Recently, one of my Shelties had some GI problems, and the Vet sold us some dog food called Hills WD that has a much higher fiber content then anything found in the stores.
It not only resolved all the GI issues, but was also much lighter than store food.
It did cost about $69 for a bag, around the same as the Inova in the best pet stores, and weighs about half as much for the same sized bag. It also smells like food, not something else.
Both at home and in camp, hot water is added, and the dogs took to it right away.
Freeze dried food leaves me exhausted when doing high altitude backpacking climbs in the Rockies, so wouldn't think of giving it to the dogs either. They carry their own food, packaged in small poly bags sealed with a U-Line sealer, and average 3-5 pounds in the pack, depending on whether we are out for around 3-6 days between resupplying.
They are around 30 pound dogs, so 3-5 pounds for the first few days is not a burden for them.
Here is Shoki on Mount Chocorua next to home in NH:
She has no pack, as it is a day hike.
We also backpack and stealth camp in areas where other people are seldom seen, such as the Never Summer Wilderness in northern Colorado. If we ever got within earshot of another camp, I think my snoring would be far more irritating to others than the dogs. My only fear is the mountain lions, who are becoming more prevalent in northern Colorado, but we haven't seen any yet out there. Only elk herds from a distance, and as in NH, moose can be a problem, but when driving on the roads not hiking on in the backcountry.Aug 16, 2014 at 11:34 am #2128068Eric BlumensaadtBPL Member
@danepackerLocale: Mojave Desert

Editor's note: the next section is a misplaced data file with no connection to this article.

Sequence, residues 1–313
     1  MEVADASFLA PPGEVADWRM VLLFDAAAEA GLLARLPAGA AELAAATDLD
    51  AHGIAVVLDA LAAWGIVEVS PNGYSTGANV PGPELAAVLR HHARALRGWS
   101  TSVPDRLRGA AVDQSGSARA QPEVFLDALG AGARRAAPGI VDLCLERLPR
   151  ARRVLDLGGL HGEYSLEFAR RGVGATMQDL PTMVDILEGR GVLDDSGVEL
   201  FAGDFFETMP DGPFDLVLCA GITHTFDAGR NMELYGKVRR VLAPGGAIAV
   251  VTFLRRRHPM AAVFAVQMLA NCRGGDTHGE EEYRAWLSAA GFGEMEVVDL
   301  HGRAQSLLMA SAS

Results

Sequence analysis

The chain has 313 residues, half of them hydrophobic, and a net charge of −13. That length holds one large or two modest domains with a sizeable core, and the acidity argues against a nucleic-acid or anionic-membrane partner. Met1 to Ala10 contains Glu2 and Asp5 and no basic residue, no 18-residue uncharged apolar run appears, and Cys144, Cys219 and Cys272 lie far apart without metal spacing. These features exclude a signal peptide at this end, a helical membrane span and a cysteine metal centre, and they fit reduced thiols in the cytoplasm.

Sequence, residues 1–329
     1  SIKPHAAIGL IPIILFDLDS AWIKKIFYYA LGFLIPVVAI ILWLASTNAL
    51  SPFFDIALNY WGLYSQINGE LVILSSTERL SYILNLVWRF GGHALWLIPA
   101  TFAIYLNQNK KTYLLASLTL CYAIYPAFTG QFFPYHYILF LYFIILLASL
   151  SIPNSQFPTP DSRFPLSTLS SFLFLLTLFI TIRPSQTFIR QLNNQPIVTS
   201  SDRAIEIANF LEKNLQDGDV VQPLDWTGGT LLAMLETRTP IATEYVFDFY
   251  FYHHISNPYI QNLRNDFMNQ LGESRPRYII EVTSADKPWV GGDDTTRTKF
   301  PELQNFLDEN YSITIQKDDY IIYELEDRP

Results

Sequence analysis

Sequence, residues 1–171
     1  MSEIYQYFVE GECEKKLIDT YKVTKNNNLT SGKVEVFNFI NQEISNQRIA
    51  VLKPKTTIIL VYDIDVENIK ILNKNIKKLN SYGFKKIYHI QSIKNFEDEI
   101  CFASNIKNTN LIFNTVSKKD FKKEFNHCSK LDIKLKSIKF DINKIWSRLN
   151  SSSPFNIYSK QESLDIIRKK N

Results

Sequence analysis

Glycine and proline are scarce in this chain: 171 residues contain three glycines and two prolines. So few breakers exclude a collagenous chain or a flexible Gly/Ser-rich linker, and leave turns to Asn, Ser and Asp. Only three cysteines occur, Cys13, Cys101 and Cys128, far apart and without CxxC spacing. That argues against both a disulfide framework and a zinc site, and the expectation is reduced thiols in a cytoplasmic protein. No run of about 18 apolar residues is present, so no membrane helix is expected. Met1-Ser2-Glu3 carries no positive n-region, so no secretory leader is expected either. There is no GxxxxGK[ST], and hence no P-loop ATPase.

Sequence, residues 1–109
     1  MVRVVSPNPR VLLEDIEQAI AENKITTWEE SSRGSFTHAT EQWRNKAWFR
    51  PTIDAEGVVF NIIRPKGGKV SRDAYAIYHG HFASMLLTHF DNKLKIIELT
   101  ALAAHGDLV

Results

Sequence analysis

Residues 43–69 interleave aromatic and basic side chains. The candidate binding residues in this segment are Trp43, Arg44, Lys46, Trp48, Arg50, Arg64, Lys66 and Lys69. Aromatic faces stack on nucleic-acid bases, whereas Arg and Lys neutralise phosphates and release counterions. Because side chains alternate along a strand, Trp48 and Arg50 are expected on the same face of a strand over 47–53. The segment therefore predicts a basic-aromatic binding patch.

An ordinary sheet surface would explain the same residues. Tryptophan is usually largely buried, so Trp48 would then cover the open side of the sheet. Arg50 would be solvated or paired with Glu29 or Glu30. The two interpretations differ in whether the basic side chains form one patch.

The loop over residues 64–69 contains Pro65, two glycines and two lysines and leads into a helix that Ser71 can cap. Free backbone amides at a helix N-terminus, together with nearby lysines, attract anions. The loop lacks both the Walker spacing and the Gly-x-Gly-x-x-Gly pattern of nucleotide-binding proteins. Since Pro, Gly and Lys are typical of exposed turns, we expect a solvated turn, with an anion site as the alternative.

OK, I think it's nice to take Man's Best Friend backpacking. They enjoy it and are also a great night time guard/alarm.
I ALSO think it's mandatory to bury their stools as you would your own (or carry them out in a wag bag).
Too many times I've come across dog poopy on hiking and backpacking trails in Pennsylvania, Nevada and Colorado. Disgusting!Aug 16, 2014 at 1:01 pm #2128081Anthony BritnerMember
@ant89Locale: North Wales, UK
Take the food with the highest protein content you can get those intended for sporting dogs usually do the trick.
The result of this will be your dog will need to eat less food per meal to get the same energy intake so you either take less food and as a result less weight or carry more food for the same weight.Aug 16, 2014 at 1:31 pm #2128085
For some dogs a sudden change like this can lead to diarrhea.
I'd give this a try a home first …Aug 20, 2014 at 5:51 am #2128788
"Take the food with the highest protein content you can get those intended for sporting dogs usually do the trick."
Bottom line: More fat, not more protein –
Feeding the Canine Athlete in the New York Times –
Q.Does that mean feed it like a human runner?
A. No. Humans and dogs fuel exercise very differently. When we run, we start out burning mostly glycogen, which is stored carbohydrates. Dogs don’t, partly because they have more mitochondria in their muscles than we do. Dogs burn fat as their primary endurance fuel, and carbohydrates are not very important for them.
Fat is the fuel for performance dogs.
Q.So should an athletic dog’s diet contain lots of fat?
A. That’s a good question. For dogs jogging along with you for 20 minutes a few times a week, a normal commercial dog food containing about 15 or 16 percent fat should be fine. But if you and your dog run five or 10 miles a day, that dog likely needs a slightly higher-fat diet.